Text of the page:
I used the term "action" pretty loosely there; I should have said "in the middle of a scene." I've been known to open chapters and stories mid-conversation as well. smile


Doesn't have to be mid-scene as long as something interesting develops before the reader gets bored.

However, as readers tend to be a picky bunch these days, I would recommend getting to the "interesting bits" sooner rather than later.
Diamond Rika's avatar

Blessed Fairy

Cogent Dream
Diamond Rika
Kairi Nightingale
I think it really depends on the story when it comes to the beginning you choose. For example, I don't think a romance novel would typically start out with an action scene,but a story that requires a lot of action would almost be expected to start out with a fight or something. And most mysteries start out with the murder sequence or a scene directly after it.

The beginning should set the mood for the story; maybe not show what the story is about just yet, but at least let the reader know what type of story it's going to be. Of course, like Cogent Dream said, it should be something interesting. The mundane life beginning can get boring real fast if you don't have the dramatic change start showing up quick enough.

With that said, all of my stories start out with some kind of conflict that's apparent in the first chapter . If not the main conflict, then it's a smaller one that leads up to it.
I used the term "action" pretty loosely there; I should have said "in the middle of a scene." I've been known to open chapters and stories mid-conversation as well. smile


Doesn't have to be mid-scene as long as something interesting develops before the reader gets bored.

However, as readers tend to be a picky bunch these days, I would recommend getting to the "interesting bits" sooner rather than later.
That's just how I prefer to start mine. I've done it other ways too, but I always like my mid-scene starts better. biggrin
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We each have our own way of starting the first chapter. And there's people telling us different things about how to start them.
Some say we should open it with a pow, make the reader want to continue! No one likes dull, everyday-life starts!
Others say its perfectly fine to start off calm and ordinary. Build up some background and hint at the upcoming tension. Many great movies and novels do this.


Respectfully, I'm going to disagree with the point in bold based on nothing but personal preference. I've seen this done very effectively by a small number of writers - done effectively to the point that, in some instances, these books still go on to have films made and sell a decent number of copies. The most notable example of this is American Psycho which has chapters that start off with the likes of:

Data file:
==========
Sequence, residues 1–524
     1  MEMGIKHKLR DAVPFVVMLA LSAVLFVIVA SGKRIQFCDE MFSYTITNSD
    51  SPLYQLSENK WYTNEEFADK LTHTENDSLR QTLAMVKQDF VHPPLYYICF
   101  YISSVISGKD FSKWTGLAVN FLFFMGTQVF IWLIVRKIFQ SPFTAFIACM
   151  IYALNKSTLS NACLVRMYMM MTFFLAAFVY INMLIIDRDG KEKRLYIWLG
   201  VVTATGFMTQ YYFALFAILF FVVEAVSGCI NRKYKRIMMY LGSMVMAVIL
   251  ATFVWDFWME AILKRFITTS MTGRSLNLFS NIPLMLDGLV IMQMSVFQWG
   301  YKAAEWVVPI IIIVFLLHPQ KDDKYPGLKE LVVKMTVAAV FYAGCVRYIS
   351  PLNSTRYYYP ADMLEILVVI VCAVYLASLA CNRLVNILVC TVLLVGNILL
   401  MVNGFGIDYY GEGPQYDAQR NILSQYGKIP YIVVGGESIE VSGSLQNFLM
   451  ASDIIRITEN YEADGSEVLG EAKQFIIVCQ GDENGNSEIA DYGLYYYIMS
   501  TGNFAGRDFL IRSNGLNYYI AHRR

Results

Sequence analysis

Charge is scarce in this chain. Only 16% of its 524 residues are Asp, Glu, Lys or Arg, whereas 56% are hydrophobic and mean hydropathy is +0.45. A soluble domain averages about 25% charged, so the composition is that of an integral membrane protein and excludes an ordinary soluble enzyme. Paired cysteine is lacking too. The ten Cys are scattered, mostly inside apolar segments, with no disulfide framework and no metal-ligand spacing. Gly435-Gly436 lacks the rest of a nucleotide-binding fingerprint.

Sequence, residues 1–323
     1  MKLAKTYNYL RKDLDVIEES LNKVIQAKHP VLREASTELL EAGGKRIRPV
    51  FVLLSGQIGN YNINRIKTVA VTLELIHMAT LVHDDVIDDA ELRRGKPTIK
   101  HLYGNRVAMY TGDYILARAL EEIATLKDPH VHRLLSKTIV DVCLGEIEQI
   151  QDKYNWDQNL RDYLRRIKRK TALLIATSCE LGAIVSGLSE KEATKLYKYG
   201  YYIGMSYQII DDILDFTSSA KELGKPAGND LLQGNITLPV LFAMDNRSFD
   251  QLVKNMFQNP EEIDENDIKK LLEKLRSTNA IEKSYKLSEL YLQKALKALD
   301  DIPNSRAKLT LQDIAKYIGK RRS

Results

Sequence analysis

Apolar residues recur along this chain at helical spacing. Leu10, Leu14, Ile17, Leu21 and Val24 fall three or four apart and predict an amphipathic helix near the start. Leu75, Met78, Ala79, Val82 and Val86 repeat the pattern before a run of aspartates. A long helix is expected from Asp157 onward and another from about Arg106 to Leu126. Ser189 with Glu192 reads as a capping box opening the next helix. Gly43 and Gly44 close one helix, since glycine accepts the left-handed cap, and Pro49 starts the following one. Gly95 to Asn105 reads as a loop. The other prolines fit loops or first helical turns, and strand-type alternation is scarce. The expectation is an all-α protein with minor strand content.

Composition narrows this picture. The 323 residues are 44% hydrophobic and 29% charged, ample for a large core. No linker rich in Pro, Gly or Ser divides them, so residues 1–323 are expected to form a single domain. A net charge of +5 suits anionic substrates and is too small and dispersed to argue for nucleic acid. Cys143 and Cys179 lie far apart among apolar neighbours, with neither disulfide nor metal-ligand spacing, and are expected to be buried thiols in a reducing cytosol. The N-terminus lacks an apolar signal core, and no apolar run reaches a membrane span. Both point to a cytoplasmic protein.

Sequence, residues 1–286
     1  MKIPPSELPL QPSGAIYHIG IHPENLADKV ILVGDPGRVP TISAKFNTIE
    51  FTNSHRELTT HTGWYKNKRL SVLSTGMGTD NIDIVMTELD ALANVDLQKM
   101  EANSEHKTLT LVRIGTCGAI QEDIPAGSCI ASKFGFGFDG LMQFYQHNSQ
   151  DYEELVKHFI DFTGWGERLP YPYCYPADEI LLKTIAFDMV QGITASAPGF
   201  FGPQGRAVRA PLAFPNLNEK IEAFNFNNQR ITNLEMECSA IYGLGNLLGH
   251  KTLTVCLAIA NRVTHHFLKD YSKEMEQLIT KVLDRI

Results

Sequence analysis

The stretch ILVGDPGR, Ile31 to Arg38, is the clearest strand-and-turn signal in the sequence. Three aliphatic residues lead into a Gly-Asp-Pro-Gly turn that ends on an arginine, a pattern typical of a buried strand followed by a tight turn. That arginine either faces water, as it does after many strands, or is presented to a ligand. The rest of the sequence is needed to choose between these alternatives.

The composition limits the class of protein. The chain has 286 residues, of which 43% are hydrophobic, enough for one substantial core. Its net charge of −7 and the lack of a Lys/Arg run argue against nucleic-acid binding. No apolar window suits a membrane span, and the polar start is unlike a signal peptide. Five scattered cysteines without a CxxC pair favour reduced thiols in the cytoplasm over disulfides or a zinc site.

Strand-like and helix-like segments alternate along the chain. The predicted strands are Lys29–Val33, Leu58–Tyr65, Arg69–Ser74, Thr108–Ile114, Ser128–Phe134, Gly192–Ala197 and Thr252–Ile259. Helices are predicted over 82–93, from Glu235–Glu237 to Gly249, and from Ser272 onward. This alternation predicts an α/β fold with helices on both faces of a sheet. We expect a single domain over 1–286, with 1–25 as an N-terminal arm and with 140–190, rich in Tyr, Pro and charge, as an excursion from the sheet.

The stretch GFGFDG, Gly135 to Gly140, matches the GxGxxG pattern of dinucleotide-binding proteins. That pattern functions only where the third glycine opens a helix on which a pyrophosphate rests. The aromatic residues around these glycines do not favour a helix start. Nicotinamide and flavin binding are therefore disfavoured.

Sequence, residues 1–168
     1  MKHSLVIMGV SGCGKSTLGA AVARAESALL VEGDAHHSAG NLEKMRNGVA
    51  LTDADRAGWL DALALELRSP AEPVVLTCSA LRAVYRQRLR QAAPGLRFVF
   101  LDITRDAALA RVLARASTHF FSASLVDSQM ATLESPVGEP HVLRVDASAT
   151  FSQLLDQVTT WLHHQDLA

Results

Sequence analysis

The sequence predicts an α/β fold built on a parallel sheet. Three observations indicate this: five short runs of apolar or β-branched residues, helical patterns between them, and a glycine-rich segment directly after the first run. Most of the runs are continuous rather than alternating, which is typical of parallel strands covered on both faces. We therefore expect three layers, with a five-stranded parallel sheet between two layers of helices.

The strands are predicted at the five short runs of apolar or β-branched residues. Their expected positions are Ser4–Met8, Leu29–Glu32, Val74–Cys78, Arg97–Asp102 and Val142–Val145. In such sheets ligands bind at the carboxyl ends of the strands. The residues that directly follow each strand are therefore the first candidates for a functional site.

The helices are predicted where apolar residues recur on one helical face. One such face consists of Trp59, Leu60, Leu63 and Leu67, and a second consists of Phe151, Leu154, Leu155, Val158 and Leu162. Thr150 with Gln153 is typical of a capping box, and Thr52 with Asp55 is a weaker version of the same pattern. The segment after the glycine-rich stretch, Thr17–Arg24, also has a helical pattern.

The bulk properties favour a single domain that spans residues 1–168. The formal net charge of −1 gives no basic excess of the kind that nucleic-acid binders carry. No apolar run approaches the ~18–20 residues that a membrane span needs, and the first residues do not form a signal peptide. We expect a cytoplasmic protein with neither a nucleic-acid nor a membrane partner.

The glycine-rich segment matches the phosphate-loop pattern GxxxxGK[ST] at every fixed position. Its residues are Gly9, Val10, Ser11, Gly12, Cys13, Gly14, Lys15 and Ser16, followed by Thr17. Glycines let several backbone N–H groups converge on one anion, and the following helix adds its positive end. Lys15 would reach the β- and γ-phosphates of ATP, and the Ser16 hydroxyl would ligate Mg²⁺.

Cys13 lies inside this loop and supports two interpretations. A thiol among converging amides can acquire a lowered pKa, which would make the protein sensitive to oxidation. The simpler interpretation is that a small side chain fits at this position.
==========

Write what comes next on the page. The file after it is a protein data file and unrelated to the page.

"Courtney Lawrence invites me out to dinner on Monday night and the invitation seems vaguely sexual so I accept, but part of the catch is that we have to endure dinner with two Camden graduates, Scott and Ann Smiley, at a new restaurant they chose on Columbus called Deck Chairs, a place I had my secretary research so thoroughly that she presented me with three alternative menus of what I should order before I left the office today."

Of course, this is done, in part for effect and I'm well aware of it, but then, I've become quite disdainful of action-packed books as it is. Like I say, it's a matter of personal preference, but I feel as though it can work, if executed properly. It can't always be pulled off.

Naturally, what I'm working on is being able to pull it off. Again, personal preference.

Sometimes, it is better to start with a 'bang' as it were, but I've admittedly, never felt entirely comfortable doing this. I'm really not sure why this is. If I look back, I can count the number of chapters I've started with 'action' of sorts (not counting those where the point of view shifts) on one hand.

But, I'm nothing if not willing to experiment. Currently, I'm going through a phase of working with the kinds of things people don't want to read - telling rather than showing, no action, no plot - and trying to make them work for me. Of course, there are only a handful of these things that can be made to work, and they often depend on all the other elements of the writing anyway.

Rambling. Basically, I start chapters with 'dull, everyday life' starts, and they get duller and duller until someone calls their drug dealer and another someone finds out they've contracted an STD.
Diamond Rika
Cogent Dream
Diamond Rika
Kairi Nightingale
I think it really depends on the story when it comes to the beginning you choose. For example, I don't think a romance novel would typically start out with an action scene,but a story that requires a lot of action would almost be expected to start out with a fight or something. And most mysteries start out with the murder sequence or a scene directly after it.

The beginning should set the mood for the story; maybe not show what the story is about just yet, but at least let the reader know what type of story it's going to be. Of course, like Cogent Dream said, it should be something interesting. The mundane life beginning can get boring real fast if you don't have the dramatic change start showing up quick enough.

With that said, all of my stories start out with some kind of conflict that's apparent in the first chapter . If not the main conflict, then it's a smaller one that leads up to it.
I used the term "action" pretty loosely there; I should have said "in the middle of a scene." I've been known to open chapters and stories mid-conversation as well. smile


Doesn't have to be mid-scene as long as something interesting develops before the reader gets bored.

However, as readers tend to be a picky bunch these days, I would recommend getting to the "interesting bits" sooner rather than later.
That's just how I prefer to start mine. I've done it other ways too, but I always like my mid-scene starts better. biggrin


Yeah, I find mid-scene is so much easier to draw the reader in. Personally, that's what I do too.
[x] Bob-IT [x]'s avatar

Dapper Sex Symbol

There is no 'right' way to start. It's all about style and personal preference, if you favor one specific story archetype and can actually work it, then do it, regardless of what other people say.

Personally, I tend to start in the middle of something. I don't like starting my stories with the morning and bedrise. I prefer to to make it seem like you're literally coming into the middle of someone's life (not necessarily the story I'm telling [but I like to do that, too]). The middle of a phone call, or text conversation. The middle of a dinner. Things like that.

That's my preference, that's what works for me.